rent

Renting an Apartment and Bankruptcy

You may believe that finding an apartment in Texas after filing for bankruptcy is close to impossible, but we’re here to help you achieve that dream. Landlords may be wary of the negative mark on your credit history, and everything will seem to go downhill from there.

However, it is entirely possible, albeit challenging, to rent an apartment after declaring bankruptcy. Below is a guide to help you through the application process to ensure you get approved for a lease- the hardest part:

Have an Open Communication

Lying to potential landlords about your bankruptcy is a terrible idea. Most of them will find out regardless when they run your credit history during your application process. Instead, having an open dialogue with them about the circumstances that led up to your bankruptcy, followed by what you have done since to counter it, such as a steady job or income, can help your case.

Proving your innocence and determination to do better is the key- once you convince the landlord to place his trust in you, you are more likely to get through the application process. If not, be proud of yourself for being truthful. Chances are that the landlord appreciated your frankness.

Pick Landlords Wisely

Keep in mind that different landlords have different policies for leasing their properties. Your best bet would be to rent from a private property owner, rather than a complex. They are more understanding and flexible with personal history.

With a bit of research, you might even be able to find an area with a “no credit check” policy. Renting an apartment near a college or university campus may be another factor you could look into. Landlords there have a history of catering to students who have a credit history, so they might be willing to adjust their policies for you too.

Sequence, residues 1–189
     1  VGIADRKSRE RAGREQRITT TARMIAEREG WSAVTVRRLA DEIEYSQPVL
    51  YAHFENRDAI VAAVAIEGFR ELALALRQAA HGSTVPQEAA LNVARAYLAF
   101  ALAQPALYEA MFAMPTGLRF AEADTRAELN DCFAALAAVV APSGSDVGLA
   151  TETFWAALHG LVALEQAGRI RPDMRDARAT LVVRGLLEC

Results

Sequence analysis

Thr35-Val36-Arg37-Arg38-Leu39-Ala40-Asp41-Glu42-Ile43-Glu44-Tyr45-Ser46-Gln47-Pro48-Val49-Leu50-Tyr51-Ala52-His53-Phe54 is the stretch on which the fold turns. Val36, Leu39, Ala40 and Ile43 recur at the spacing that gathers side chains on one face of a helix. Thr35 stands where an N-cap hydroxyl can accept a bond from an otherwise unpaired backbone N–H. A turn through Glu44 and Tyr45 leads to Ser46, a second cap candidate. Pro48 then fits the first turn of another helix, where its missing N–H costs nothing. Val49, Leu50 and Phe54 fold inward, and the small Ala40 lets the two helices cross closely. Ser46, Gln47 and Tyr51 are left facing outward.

Provide Proof of Consistency

Everything aside, all that matters is that you pay your rent on time each month. If you can convince your landlord that you are consistent and reliable, you will have more chance of getting that lease.

If possible, provide your landlord with bank statements or previous rental history to prove that you are a grounded tenant who won’t give him a hard time. Another thing you could do is provide a larger security deposit that will cover the rent for the next few months’. While this could be challenging if you’ve recently come out of bankruptcy, it will make your landlord trust you more.

Find People Who Will Substantiate Your Claims

Most landlords will feel at ease if you can provide some reference to prove your honesty and integrity. These references could be your past or present employers, previous landlords, past roommates, or even some personal references. As long as you have a good standing with the people you refer to your landlord, all is well.

If all else fails, finding someone with good credit to co-sign the rental application will also help make an airtight case. This way, your landlord will (on paper) have someone to take the responsibility of clearing the dues in case you fail to do so.

For more information, speak with an experienced bankruptcy attorney – schedule your free 1-hour consultation today: https://seanflynnlaw.com/calendar/

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